As others have noted, a progress from "softer" techniques to more advanced techniques, speed, and style may be a good idea. Don't force uke into a breakfall on the first shiho nage you demonstrate - unless, of course, that is how you practice this technique all the time.

We usually (i.e., every few years, when there is a reason for a demo) start the same way we start our training (sans warm-up), by bowing and doing a few rolling exercises. What seems to work well is to show the attack first without nage moving away, it makes understanding the movement much easier.

We also tend to combine lots of techniques where the average spectator has the feeling of knowing why something has happened (such as ai hanmi katate dori - ikkyo, yokomen uchi - shiho nage, or chudan tsuki - kokyu nage, short form) with techniques that look much stranger, such as a nikkyo against grapping a jo. (May look easy to a trained eye, but I've heard a number of people wondering what just happened.) Also, spectacular falls like koshi nage or other breakfalls I would place into the later stages.

Would you incorporate weapons into your demo?

Unless time is really short: Definitely. Weapons are part of our training, so if we wish to demonstrate our training, we should include weapons. Although I must admit we don't use them as much in training as I'd like and for demos, it's sometimes reasonable to use weapons hardly ever seen in our dojo, such a short baton or baseball bat to get one possible reason for a yokomen strike across.

Personally, I wouldn't use weapons that look too real. Some people use blunt metal knifes for demos, and while it looks much more spectacular than standard wooden tanto, I'm not sure I want to give the impression we practice with live blades.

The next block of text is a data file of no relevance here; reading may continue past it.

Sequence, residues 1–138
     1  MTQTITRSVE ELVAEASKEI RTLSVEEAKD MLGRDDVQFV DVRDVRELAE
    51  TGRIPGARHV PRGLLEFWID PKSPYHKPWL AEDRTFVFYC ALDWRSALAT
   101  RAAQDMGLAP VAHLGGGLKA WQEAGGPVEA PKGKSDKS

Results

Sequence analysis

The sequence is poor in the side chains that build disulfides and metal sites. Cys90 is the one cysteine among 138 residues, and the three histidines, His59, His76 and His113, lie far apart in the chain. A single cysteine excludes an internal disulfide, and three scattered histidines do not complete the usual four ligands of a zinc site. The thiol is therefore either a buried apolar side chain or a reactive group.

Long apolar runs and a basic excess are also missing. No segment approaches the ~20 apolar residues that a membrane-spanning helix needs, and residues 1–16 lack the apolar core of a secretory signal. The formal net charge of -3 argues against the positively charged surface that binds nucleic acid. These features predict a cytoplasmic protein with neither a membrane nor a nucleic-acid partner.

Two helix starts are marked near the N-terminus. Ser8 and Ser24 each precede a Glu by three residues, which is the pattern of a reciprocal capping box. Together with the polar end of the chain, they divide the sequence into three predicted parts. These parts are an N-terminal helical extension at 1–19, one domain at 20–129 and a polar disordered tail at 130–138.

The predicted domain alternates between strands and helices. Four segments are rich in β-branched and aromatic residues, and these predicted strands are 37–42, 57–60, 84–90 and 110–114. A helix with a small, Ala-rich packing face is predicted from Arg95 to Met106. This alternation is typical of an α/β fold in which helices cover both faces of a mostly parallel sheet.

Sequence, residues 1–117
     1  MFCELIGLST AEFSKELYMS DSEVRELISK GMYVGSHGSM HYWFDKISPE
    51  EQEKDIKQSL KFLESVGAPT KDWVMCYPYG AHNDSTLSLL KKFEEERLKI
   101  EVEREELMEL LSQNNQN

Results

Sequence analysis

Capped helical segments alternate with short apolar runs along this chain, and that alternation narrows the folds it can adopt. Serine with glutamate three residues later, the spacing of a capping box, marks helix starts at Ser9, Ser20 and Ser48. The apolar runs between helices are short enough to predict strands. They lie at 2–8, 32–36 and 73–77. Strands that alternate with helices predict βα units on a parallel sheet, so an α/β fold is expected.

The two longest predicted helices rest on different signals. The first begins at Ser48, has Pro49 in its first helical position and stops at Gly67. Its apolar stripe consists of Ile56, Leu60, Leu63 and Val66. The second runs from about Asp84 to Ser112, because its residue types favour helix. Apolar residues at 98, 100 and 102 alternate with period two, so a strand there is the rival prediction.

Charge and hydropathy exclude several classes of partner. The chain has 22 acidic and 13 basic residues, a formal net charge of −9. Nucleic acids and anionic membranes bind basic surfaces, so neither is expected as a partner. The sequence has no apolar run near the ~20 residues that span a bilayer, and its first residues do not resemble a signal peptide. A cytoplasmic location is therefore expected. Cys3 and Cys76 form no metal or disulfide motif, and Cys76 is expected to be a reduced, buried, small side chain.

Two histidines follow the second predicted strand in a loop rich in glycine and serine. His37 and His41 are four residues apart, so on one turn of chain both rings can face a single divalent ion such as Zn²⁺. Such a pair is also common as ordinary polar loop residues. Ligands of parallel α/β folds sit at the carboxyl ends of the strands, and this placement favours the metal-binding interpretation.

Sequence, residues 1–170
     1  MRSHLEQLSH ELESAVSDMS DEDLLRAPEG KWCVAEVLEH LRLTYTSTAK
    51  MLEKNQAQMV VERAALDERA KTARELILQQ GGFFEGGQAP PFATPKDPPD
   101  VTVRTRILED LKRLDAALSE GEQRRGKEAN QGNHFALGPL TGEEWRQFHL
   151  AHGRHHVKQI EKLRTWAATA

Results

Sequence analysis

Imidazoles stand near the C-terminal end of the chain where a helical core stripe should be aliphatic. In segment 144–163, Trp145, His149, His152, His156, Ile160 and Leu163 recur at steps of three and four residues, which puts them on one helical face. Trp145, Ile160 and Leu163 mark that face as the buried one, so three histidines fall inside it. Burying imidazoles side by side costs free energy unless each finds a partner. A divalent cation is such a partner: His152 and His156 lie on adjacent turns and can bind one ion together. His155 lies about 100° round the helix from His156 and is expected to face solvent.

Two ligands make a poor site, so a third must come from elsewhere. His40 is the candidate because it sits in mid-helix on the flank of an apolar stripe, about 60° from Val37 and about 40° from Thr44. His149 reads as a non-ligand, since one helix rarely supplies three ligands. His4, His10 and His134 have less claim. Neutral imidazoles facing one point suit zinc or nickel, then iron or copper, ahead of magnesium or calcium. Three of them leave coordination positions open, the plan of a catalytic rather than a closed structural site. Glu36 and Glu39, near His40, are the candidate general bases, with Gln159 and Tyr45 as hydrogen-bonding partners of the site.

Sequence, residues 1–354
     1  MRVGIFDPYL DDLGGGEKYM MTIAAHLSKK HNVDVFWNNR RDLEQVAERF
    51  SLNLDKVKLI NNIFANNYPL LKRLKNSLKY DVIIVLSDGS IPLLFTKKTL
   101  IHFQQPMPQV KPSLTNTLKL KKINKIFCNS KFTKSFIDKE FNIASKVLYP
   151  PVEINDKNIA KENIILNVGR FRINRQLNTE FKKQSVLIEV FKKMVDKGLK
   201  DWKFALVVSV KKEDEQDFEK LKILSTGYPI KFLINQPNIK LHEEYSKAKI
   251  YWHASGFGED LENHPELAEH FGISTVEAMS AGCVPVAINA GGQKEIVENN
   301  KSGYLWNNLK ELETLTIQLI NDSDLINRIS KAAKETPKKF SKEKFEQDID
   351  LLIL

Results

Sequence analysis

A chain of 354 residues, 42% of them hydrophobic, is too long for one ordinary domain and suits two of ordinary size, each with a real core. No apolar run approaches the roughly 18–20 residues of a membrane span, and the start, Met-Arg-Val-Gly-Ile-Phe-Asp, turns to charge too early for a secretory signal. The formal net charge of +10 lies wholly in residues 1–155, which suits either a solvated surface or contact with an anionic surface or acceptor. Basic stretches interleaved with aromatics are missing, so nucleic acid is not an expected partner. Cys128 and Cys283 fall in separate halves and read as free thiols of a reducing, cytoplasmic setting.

Just my 0.02.


Eric Webber
05-01-2008, 08:20 PM
If you had to do a basic demonstration, what techniques would you use?

6th kyu techniques performed at a yudansha level explained in no-kyu verrbage. Yes weapons, yes randori, yes kumitachi.

05-05-2008, 09:00 AM
I would have always loved a demo started in suwari waza. Some things in the background that suggest a Japan scenario, with a rack holding bokken's and jo's, and 2 Aikidoka in seiza, one in front of the other, drinking some tea. All of the sudden one of the two attacks the other and there starts a little suwari waza between the 2. After a little while another couple of people come in and do a little bit of hanmi handachi. After that the Aikidoka's can go and get the weapons to do a little bit of weapons.
All this is not taking too long, just a visual demo while someone on the side explain to the people what Aikido is, it's origin and the relation with weapon...nothing too long, just a very short intro.

From there I would go to a more classical demo (including a demo with beginners, so not to scare who might be interested in the art), not forgetting that in the crowd there is various kind of people so adding also attacks that might attract the younger "hot heads" like kicks and jabs.

05-05-2008, 10:45 AM